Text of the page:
Omniscope Scheduler: Getting started. A simple tutorial

Modified on Mon, 09 Nov 2020 at 04:00 PM

Purpose of this tutorial

This tutorial gives an introduction into what the scheduler is, and how it is used. After completing it you will be able to set up simple automated tasks and check that they are working.

Scheduler functionality

The scheduler can be used to automate certain tasks, such as the periodic execution of workflows, and publishing of reports, and is available for Omniscope Team* and Enterprise editions. It can either be accessed from the side bar in the EVO welcome screen (see image to the left). Or from within the Admin environment, which can also be accessed through the same side bar.

*requires Scheduler Add-on

Setting up a simple task

Creating a workflow

Let's assume we have a workflow that reads in some data from a data source, processes it and pushes it into a report which is used to inform stakeholders. In fact, let's create a Project with this workflow:

We have set up the Currency block to load the current exchange rate between GBP and USD and to publish this information in a report, in order to keep the stakeholders up to date about it.
Let's keep this file in a project called Tutorial

Our goal is now to refresh the report every day, when a new exchange rate is available. For this endeavour, we set up a scheduler task with the simple goal to refresh the currency block at 09:00AM daily.

The scheduler welcome screen

Inside the scheduler, you are welcomed by an empty task list, and various buttons to help you navigate and edit your tasks. 

NOTE:  All scheduler configurations you make are all unsaved till you click "Save" on the toolbar. While you are creating your tasks, you can test them by clicking on "Execute' button (available for certain actions). However, even if your configuration is not saved, and you click on "Execute" these executions will execute on the server irrespective of whether the configurations have been saved or not.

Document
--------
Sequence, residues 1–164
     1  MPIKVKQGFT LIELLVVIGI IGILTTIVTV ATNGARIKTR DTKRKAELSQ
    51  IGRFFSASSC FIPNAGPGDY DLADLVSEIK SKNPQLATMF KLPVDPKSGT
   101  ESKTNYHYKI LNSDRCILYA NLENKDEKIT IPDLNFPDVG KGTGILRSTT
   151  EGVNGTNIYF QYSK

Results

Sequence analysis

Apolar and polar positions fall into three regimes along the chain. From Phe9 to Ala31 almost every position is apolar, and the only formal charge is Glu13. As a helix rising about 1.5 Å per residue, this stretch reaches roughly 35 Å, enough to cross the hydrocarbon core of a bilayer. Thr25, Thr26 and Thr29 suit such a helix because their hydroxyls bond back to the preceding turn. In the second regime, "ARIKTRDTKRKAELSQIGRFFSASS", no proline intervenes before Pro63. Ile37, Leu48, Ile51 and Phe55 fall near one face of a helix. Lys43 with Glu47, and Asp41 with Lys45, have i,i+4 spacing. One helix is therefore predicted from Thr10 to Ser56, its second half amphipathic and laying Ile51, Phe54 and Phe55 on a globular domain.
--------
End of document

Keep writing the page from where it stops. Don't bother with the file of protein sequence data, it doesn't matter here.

The bread crumbs in the upper left allow you to quickly navigate back to a previous configuration dialog. Once we dive deeper into the options, the bread crumbs will follow us and let us keep track of where we are.
The buttons in the upper right, allow you to quickly undo or redo changes we have made to settings. They work regardless we have moved into other options, and will simply revert or redo all the previous changes you have made.
The buttons just below on the upper right give quick access to resources and logs important to check the health of the scheduler environment. We will not be going into their functionality now and leave that to a more complex tutorial

Finally, there is the empty task list. We will now create a new task to allow for a daily refresh of the currency block. For this purpose, click on "Add Task". This will immediately create a task named "Task":

The five buttons to the right control task execution and allow you to administer it:

Controls whether the task is running. A green checkmark indicates that the task should be executed (at a not yet specified time), whereas, when the button is clicked, it turns to red and indicates that the task execution will not be executed.
When pressed, forces the task to be executed right now, regardless of when it was scheduled. Great for testing whether task execution and publishing was configured correctly.
Downloads the task. Downloaded tasks can be imported through the "Import Tasks" button next to "Add Task" in the task list.
Permanently removes the task
Duplicates the task

Task configuration

For now we are interested in giving the task a more suitable name

For this purpose, we click on "Task", which will open a new sub-menu for task configuration. On the top is an option to change the name